This appeal was  no doubt prompted by the increasingly horrific reports of mass deportation of Hungarian Jews, as well as  the creation of the U.S. War Refugee Board by President Roosevelt in January 1944. The Board was given the task of rendering active assistance to Jewish refugees. The Hungarian Minister’s formal request was clearly intended to increase the pressure for official Swedish action.   That same day he forwarded a copy of his appeal to the American and British governments, via their official representatives in Stockholm, the American Minister Herschel V. Johnson and Britain’s Minister Victor Mallet. Both responded with strong expressions of sympathy and support.

Letter dated April 8, 1944, from Dr. Antal Ullein-Reviczky to Swedish Foreign Minister Christian Günther, published in 'Le Journal d'Orient', March 5, 1946. The letter is also cited in Dr. Ullein-Reviczky's memoir, "Guerre allemande - paix russe" (1947), soon to be released in English, as "German War-Russian Peace"; courtesy of the Antal Ullein-Reviczky Foundation, Magyarnandor-Kelecseny, 2694 Hungary

There have been questions about  exactly when the idea to send a special Swedish representative to Hungary was conceived and when the idea emerged that this person should be Raoul Wallenberg. The actual choice was believed to have been made in June, 1944, when  Wallenberg formally met with the U.S. War Refugee Board representative in Stockholm, Iver Olsen and U.S. Minister Herschel Johnson. Ullein-Reviczky’s letter probably further fueled the already lively deliberations under way in the Swedish Jewish community to find a way to aid Hungary’s Jews and almost surely from the start  these deliberations involved Raoul Wallenberg.

This conclusion is  supported by the fact that Wallenberg asked the commander of his Swedish Home Guard unit where he spent his military service for leave already on May 15, 1944 to go to Hungary for six months,  on a humanitarian relief mission ” for a committee which is to be formed for that purpose”.  A few weeks later, Swedish Undersecretary of State Erik Boheman informed Herschel Johnson that he favored American requests “of  increasing Swedish representation in Budapest” and pointed out “that Sweden  already is considering the possibility of sending food to [Hungarian Jews] in concentration camps to be distributed under supervision…”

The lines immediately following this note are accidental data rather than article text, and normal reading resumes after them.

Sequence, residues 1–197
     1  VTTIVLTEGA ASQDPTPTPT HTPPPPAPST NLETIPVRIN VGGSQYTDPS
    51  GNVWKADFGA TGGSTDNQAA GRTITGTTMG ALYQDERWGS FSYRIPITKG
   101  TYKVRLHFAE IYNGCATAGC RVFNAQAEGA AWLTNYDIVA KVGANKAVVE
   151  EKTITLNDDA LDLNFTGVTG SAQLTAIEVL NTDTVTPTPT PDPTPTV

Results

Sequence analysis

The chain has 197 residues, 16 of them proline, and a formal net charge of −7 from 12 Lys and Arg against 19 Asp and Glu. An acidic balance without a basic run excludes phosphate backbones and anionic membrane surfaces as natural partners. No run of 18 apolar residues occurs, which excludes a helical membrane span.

It appears likely that Raoul Wallenberg was referring to this very project in his request for leave from military service and that Boheman in return knew of Wallenberg’s intentions.  Boheman’s sister was married to Gunnar Josephson, a leading figure in Stockholm’s  Jewish community [Mosaiska Församling]. For his part, Herschel Johnson was well acquainted with Sven Salén who was a Vice President of the Swedish-American Society and whose  business offices were located in the same building as the American Legation, Stockholm.

In early June 1944,  Ullein-Reviczky sent a second round of official appeals to both Swedish and Allied  representatives which were met with the same  assurances of support.

Throughout his stay in Sweden Ullein-Reviczky also continued his clandestine discussions with American and British intelligence representatives about possible Allied military intervention in Hungary and the possibilities of limiting  future Soviet influence in the region. These talks included the very same individuals who were involved in the preparation of Wallenberg’s mission, such as Andor Gellert, a Hungarian journalist and diplomat who worked for the Office of Strategic Services (OSS, the predecessor of the CIA), Vilmos Böhm, a former Hungarian Minister of War in 1919, who was employed by the British Legation, R. Taylor Cole, head of the OSS’ Secret Intelligence Branch in Stockholm and of course Iver Olsen who was also a member of OSS. No doubt the involvement of all these people  in activities like separate peace negotiatons made Raoul Wallenberg’s role very suspicious in the eyes of Soviet counterintelligence.